Friday, September 09, 2005


Stephanie Grace's latest column via

STEPHANIE GRACE: A chance to get it rightThursday, 3:44 p.m.

Maybe it's too soon to think about the future, with the shocking images of so many of our fellow citizens' suffering so fresh. Clearly, it's way too soon to put aside the sadness we all feel over our hometown's devastation, the rage over the emergency response bureaucracy that sputtered for days while storm victims went without food, water and shelter.

Yet it's worth trying to focus on what's to come, because out of the ruins, there's reason for hope. The new New Orleans area will be different, sure, and depleted in countless ways -- but restored and perhaps even improved in others.

This much we know: Our problems have now, belatedly, gotten the undivided attention of the federal government. As U.S. Rep. Charlie Melancon put it, President Bush's photo-op flyover morphed into a reality check; he and all those other federal officials who've been so cavalier about protecting the coastal buffer zone and investing in flood control finally get it, and are ready to open their wallets. Maybe the feds' promised largesse comes from guilt over their disastrous initial response. Maybe it's simple political cover. Some will surely call it blood money. Doesn't matter. We'll take it.

"A tragic opportunity," is how U.S. Sen. David Vitter described it. "This is our chance to get it in one lump sum."

So what's the "it"? Let's start with the obvious: Money to build new levees, repair the ones that breached and raise those that survived. Then there's the coastal restoration funding that Vitter, his Senate colleague Mary Landrieu andother Louisiana politicians have been seeking for years. There's the cash to replace the decimated I-10 twin spans and reconnect New Orleans to points east. And there's more. The flooded-out areas include wealthy neighborhoods that will be rebuilt with insurance, but they also encompass poorer regions that were full of dilapidated houses and schools. This is the government's chance to make sure families that return live in decent surroundings, that kids learn in clean, modern buildings that actually have air conditioning and functional bathrooms. That ruined neighborhoods are filled in, so people can rebuild on higher, safer ground.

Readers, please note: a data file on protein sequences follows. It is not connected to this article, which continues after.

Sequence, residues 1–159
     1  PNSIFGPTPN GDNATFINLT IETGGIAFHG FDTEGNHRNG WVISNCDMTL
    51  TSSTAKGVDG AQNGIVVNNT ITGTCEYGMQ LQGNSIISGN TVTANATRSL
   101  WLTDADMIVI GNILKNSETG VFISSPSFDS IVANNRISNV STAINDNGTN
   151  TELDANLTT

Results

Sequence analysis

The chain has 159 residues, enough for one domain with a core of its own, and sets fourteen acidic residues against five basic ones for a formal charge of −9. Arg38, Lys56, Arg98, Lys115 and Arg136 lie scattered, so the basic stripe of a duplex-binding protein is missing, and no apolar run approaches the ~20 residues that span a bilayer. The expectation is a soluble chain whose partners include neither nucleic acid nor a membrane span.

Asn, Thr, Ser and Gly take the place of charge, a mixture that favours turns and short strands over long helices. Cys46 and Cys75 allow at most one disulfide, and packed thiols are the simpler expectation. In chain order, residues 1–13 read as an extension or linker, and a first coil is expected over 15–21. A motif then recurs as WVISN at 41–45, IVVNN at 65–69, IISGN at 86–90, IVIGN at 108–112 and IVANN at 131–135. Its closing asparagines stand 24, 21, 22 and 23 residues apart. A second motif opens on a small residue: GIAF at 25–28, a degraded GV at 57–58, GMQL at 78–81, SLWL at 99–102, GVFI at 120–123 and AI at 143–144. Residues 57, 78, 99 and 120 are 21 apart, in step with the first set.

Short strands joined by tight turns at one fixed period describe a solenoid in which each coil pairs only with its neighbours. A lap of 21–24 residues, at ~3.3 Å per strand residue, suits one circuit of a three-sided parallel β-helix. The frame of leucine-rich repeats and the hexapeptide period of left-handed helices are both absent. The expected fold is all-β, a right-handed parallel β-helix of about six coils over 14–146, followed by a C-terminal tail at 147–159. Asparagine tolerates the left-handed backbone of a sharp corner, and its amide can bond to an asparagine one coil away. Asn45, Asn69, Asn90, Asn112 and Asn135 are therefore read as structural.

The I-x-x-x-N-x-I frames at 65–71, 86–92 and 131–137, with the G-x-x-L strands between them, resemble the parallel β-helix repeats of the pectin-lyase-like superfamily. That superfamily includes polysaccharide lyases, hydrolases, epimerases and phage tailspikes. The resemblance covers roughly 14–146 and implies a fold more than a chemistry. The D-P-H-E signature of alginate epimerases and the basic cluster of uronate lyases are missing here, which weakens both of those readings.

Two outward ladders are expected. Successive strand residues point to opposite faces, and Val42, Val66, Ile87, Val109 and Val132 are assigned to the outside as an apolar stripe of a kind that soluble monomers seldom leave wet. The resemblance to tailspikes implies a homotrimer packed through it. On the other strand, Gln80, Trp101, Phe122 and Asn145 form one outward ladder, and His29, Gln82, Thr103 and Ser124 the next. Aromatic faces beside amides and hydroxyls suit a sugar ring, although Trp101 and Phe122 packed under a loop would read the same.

By the time it gets rolling, we could be looking at the something akin to the Works Progress Administration, the massive depression-era public works project, all over again. Katrina's wreckage isn't just a federal problem, of course. The city and state face countless challenges and expenses to get the city up and running again. There will be huge federal contracts, but much of the spending will also flow through local agencies. Some have already been let. And that's a cause not just for hope but for deep concern.

So far, Louisiana's the politicians have mostly behaved well, and many have acted downright admirably. And despite the tragically slow start, the feds are now talking a good game. But we all know what's happened in the past when the money started rolling in: Pockets got lined. Work got shoddy, and the public got fleeced. Such brazen public corruption too is part of our local heritage, the ugly flip side to the music, food, architecture, whistle-in-the-face of danger spirit, and everything else worth salvaging. But it doesn't have to be part of our future. The whole world is watching how we pull this off, and that means an awful lot of people will be following the money. This is a chance for the people in charge of the most concentrated urban renewal effort in U.S. history to get it right, to make sure the dollars actually follow the need. That means it's also a prime chance to recast our area's image for the better.

Wouldn't it be amazing if the 'Louisiana Way' became one of Katrina's casualties?

As Vitter said, we'll never forget the tragedy, but we are faced with an ncredible opportunity. We owe it to the survivors to make the most of it.

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